For example, if a Hawaiian customer who has a load with two 6 KW peaks installed 10 KW of solar and 12 KWh of storage, the homeowner would save approximately $38,900 over 15 years. (This scenario assumes a c/2 charge rate, time-of-use tariff, 8% discount rate, zero export, 5.2% fuel price increase, 18% PV module efficiency, and financing at 6% interest rate.)

If the storage system is oversized or undersized, those savings would be reduced. Precision sizing also translates into cost savings for emergency back-up or off-grid applications because the system can be accurately sized to power loads for the specified amount of time that the end-user wishes to be independent of the utility grid.

In the utility ancillary services market, portability and ease of installation encourage more flexible, faster deployment into specific feeders. Customers may be more willing to share the cost of a storage system with utilities if there is a lower initial cost barrier to entry.

Effective communication protocols can even allow customers and utilities to clearly identify which units have shared utility/end-user control at specific times and which units are reserved for the homeowner or business. Incremental scalability can optimize the value of storage in markets with constantly changing electricity rates and regulations. Utilities may value more granularity in control at specific points within a circuit as well as the modularity necessary to modify systems, specifically as electric vehicle and solar saturation levels increase.

Although the market for distributed energy storage is in its early days, solar-plus-storage and other parts of the emerging sector are expected to experience prodigious growth over the next decade as systems costs decline, attractive financing options become available, profitable business cases multiply, and regulatory concerns are addressed. Innovative, advanced grid-friendly approaches such as systems employing a true distributed energy storage architecture will offer a strong, scalable alternative to the more traditional centralized battery storage models as the market matures into a multibillion-dollar opportunity.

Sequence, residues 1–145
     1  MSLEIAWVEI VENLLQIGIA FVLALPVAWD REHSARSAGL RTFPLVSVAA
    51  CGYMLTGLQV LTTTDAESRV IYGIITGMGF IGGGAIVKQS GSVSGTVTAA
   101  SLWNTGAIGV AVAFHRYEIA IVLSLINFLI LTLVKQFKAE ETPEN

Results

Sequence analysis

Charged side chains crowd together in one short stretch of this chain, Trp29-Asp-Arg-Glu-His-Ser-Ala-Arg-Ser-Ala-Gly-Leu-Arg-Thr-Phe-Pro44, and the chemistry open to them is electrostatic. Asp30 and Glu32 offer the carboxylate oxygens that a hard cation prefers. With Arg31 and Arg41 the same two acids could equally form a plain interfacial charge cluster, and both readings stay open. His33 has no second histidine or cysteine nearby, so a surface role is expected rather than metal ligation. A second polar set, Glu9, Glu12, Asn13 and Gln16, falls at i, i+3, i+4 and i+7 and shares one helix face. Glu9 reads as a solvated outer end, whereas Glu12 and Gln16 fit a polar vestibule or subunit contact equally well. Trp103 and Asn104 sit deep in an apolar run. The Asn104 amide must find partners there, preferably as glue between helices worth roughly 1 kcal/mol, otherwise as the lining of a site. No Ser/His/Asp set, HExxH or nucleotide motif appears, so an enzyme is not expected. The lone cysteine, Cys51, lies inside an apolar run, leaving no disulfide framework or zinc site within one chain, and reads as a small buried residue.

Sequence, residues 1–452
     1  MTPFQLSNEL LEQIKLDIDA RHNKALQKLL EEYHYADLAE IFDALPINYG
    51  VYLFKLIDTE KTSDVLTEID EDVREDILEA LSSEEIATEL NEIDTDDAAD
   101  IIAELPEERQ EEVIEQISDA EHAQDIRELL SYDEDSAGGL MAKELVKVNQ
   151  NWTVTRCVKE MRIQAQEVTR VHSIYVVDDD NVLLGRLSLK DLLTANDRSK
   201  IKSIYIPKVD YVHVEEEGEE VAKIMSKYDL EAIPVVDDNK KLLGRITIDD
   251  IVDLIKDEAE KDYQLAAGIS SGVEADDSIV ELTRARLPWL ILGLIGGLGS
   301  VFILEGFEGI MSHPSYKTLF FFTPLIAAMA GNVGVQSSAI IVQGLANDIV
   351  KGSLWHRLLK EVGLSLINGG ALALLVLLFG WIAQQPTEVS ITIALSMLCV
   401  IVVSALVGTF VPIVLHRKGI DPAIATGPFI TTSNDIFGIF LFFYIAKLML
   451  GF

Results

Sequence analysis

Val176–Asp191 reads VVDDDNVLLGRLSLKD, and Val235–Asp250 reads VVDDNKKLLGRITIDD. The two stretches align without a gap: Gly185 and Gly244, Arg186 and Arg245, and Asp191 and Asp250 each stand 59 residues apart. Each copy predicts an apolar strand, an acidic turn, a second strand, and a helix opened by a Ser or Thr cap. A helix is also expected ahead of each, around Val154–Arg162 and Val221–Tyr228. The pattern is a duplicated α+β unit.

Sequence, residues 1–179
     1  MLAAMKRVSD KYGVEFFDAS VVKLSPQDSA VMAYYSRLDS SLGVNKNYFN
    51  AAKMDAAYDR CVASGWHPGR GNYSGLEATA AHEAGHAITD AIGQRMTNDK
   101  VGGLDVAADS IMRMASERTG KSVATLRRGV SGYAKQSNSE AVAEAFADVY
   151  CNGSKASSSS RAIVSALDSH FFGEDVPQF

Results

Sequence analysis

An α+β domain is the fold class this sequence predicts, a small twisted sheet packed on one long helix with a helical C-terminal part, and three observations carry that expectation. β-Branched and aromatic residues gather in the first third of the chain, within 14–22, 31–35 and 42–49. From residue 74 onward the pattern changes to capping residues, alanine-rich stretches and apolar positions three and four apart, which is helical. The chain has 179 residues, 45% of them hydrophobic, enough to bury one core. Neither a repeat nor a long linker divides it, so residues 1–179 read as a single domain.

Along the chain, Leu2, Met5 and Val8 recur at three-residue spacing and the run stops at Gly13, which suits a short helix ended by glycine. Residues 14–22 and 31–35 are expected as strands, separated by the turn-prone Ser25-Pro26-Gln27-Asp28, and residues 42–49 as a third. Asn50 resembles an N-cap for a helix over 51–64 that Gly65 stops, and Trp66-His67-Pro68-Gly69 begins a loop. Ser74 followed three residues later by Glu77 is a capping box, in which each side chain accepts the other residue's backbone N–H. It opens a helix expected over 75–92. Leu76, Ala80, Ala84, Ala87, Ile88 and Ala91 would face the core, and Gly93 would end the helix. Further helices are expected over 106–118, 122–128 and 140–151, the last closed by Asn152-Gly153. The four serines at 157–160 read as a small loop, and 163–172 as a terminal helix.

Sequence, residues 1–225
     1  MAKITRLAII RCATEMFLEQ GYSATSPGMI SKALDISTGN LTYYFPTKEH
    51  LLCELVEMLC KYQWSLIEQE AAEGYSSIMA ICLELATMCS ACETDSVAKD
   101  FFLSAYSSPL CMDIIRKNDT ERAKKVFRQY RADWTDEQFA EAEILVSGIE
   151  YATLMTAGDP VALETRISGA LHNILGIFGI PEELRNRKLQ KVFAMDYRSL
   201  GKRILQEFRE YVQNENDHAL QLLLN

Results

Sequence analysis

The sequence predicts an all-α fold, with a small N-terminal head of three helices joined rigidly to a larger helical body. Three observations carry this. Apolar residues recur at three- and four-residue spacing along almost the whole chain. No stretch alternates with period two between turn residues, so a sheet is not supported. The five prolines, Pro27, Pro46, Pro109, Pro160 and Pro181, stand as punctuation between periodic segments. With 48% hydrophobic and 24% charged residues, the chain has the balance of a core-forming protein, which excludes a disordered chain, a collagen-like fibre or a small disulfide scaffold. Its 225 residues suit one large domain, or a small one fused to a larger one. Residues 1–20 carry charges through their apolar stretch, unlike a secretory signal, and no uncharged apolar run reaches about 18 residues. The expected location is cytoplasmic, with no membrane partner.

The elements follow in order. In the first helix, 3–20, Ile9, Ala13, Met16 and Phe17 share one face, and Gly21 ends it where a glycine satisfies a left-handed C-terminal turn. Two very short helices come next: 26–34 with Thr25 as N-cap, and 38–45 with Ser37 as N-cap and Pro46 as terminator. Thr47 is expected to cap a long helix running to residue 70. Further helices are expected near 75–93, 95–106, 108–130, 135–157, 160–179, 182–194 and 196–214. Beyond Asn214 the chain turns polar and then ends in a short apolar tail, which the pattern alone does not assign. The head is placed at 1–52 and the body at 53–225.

Lead image: Scale. Credit: Shutterstock.

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Deepa Shinde Lounsbury is strategic initiatives manager at Enphase Energy (Petaluma, CA). She has been involved with the company’s AC Battery project from concept to product development. Lounsbury has worked at the intersection of environmental technologies and finance for nearly a decade, including experience in cleantech venture capital, international carbon finance, investment banking and environmental NGOs. She holds a bachelor’s degree in business and international relations from the University of Southern California as well as a master’s degree from UC Berkeley’s Energy and Resources Group, where she published her research on innovations in energy access and renewable energy microgrids. Lounsbury can be reached at dlounsbury@enphaseenergy.com.